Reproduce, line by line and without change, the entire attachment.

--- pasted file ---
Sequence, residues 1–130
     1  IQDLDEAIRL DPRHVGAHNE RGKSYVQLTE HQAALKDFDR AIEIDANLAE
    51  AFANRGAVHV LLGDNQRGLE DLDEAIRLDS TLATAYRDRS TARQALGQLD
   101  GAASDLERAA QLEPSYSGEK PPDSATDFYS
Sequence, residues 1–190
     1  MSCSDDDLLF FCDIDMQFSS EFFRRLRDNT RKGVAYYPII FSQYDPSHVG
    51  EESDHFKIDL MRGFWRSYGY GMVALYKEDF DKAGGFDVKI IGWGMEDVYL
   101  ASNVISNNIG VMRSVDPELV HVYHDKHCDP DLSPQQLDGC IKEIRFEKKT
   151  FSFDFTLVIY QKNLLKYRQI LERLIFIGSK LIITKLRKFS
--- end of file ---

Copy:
Sequence, residues 1–130
     1  IQDLDEAIRL DPRHVGAHNE RGKSYVQLTE HQAALKDFDR AIEIDANLAE
    51  AFANRGAVHV LLGDNQRGLE DLDEAIRLDS TLATAYRDRS TARQALGQLD
   101  GAASDLERAA QLEPSYSGEK PPDSATDFYS
Sequence, residues 1–190
     1  MSCSDDDLLF FCDIDMQFSS EFFRRLRDNT RKGVAYYPII FSQYDPSHVG
    51  EESDHFKIDL MRGFWRSYGY GMVALYKEDF DKAGGFDVKI IGWGMEDVYL
   101  ASNVISNNIG VMRSVDPELV HVYHDKHCDP DLSPQQLDGC IKEIRFEKKT
   151  FSFDFTLVIY QKNLLKYRQI LERLIFIGSK LIITKLRKFS